A busy agenda awaits Saanich councillors meet Monday.
Perhaps the most prolific item concerns plans by the provincial government for a highway berm near a Saanich park.
The berm set to be near Cuthbert Holmes Park is part and parcel of the McKenzie Interchange Project,the $85-million-project designed to improve traffic flow through the intersection of McKenzie Avenue and the Trans Canada Highway through a partial ‘cloverleaf’ ramp system.
The Ministry of Transportation and Infrastructure (MoTI) plans to build the berm out of soil that construction crews are currently excavating to lower the highway. Initial plans presented to the public in the spring called for a berm that would be 500 metres long and 14 metres above the existing ground level or 11 metres above the highway at its southern end, a figure prompting concerns from local environmentalists. They fear the berm poses a risk to Colquitz River, a salmon-bearing body of water, should it slump.
Provincial officials presenting plans for the berm faced tough, sometimes hostile questions at Saanich council earlier this month and their answers did not satisfy councillors, who asked staff to get some additional answers from the Ministry of Transportation and Infrastructure.
Staff have since prepared that report in asking council for additional direction. Key among the questions before councillors is whether Saanich should ask MOTI to build the berm with a 30-metre setback or a 35-metre setback from Colquitz River. If the berm were further away from Colquitz River, it would be of a lower height, but also include less fill and feature less landscaping.
Council will also receive the final report from the committee tasked with reviewing governance. The Governance Review Citizens Advisory Committee (GRCAC) emerged after nearly nine out of 10 voters supported a community-based review of Saanich’s governance structure and policies including its regional partnerships through the Capital Regional District (CRD).
Perhaps the report’s most controversial concerns its critique of council and the call for term limits. “The committee found that the [council] tends to react rather than lead, and tries to manage rather than govern,” it reads. “Also, accountability mechanisms are unclear. We believe there is the potential to do better.”
Specifically, the report calls for members of council to serve no more than two terms. “Term limits would resolve concerns that councillors go past their “best before” date; would permit fresh ideas and perspectives more frequently, and prevent what amounts to career politicians in Saanich,” it reads.
The report also addresses the question of amalgamation.
While the committee’s original mandate did not specifically address or ask questions about amalgamation, the subject looms large in the report, if only to underscore its complexity and the lack of consensus around it. “There wasn’t consensus on the [committee] about whether Saanich should pursue an amalgamation of some kind,” it reads. “However, there does seem to be a consensus that discussion on this topic shouldn’t be shied away from. We feel this is probably consistent with the views of the general population of Saanich, based on our consultations and community feedback.”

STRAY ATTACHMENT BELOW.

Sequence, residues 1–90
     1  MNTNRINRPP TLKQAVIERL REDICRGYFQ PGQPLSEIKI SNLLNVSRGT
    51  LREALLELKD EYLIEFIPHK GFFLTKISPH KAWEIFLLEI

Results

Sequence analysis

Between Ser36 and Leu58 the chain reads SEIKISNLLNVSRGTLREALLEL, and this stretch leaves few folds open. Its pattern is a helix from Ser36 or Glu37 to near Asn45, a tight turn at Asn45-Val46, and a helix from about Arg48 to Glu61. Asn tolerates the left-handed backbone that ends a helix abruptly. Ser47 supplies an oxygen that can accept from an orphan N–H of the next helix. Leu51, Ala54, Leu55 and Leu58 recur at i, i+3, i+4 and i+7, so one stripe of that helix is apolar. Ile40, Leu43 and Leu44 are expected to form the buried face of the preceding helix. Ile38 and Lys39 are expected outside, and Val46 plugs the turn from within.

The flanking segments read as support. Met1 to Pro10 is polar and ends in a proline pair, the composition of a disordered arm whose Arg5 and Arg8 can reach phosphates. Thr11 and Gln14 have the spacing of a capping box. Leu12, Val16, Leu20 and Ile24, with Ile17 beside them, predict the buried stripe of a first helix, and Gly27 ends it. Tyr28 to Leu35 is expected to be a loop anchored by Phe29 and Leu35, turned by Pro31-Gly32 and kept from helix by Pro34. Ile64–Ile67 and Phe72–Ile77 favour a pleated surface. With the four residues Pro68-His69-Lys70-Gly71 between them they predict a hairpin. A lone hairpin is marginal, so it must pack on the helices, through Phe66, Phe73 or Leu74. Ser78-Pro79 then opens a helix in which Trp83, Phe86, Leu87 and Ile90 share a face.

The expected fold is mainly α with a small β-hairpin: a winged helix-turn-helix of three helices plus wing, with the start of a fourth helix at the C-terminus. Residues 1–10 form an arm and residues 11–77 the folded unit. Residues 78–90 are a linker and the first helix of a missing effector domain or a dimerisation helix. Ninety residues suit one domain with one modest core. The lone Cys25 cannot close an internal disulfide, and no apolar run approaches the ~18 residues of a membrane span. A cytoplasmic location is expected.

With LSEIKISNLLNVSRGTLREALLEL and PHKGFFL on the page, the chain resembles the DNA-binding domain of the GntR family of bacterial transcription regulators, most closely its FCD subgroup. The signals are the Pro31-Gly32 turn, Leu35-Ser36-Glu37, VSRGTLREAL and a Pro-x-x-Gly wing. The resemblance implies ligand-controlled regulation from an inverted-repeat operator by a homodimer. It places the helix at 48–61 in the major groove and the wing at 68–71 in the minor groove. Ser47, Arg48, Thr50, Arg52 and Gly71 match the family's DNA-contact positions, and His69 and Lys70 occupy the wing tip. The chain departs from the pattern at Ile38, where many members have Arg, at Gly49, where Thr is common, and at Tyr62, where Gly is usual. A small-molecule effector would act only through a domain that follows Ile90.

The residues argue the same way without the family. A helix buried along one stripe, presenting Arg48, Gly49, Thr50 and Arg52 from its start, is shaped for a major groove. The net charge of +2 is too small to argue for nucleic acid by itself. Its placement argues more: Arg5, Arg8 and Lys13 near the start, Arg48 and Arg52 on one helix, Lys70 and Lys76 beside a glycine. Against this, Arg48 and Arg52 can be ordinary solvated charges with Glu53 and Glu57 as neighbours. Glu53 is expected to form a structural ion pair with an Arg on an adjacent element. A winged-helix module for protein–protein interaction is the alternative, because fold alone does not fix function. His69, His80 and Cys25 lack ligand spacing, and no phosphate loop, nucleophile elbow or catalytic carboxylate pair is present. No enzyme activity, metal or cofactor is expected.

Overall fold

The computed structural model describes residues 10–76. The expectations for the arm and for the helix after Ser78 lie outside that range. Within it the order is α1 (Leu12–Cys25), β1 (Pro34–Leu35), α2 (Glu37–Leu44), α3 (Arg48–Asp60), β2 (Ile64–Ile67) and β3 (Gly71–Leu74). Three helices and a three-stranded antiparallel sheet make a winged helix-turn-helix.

According to the report, Saanich residents appear to be all over the map when it comes to amalgamation. “We heard a wide-range of perspectives, including strong support for and against amalgamation, a desire to continue to pursue some for of shared services with adjacent municipalities, the acknowledgment that more study maybe needed on this issue and a desire to have a more specific question relating to amalgamation on the ballot in 2018,” it read.
As for specific recommendations concerning amalgamation, it calls on Saanich to lobby Victoria for the establishment a Citizens’ Assembly on Amalgamation with interested municipalities in the Greater Victoria Region and actively support and participate in the Assembly. “By agreeing to support the Citizens’ Assembly process, Saanich and the other municipalities should be required to take the findings of the process to referendum directly,” it reads.
Finally, council will consider revised plans for the re-development of Townley Lodge. Almost one year ago to the date, council indefinitely postponed a public hearing on an earlier version of the proposed re-development, citing concerns about the impact on the surrounding neighbourhood near Camosun College. The postponement earned council criticism from a coalition of business leaders and social activists. Others however noted that the development as proposed lacked social license. The process leading up the revised plans has also earned praise for its inclusiveness.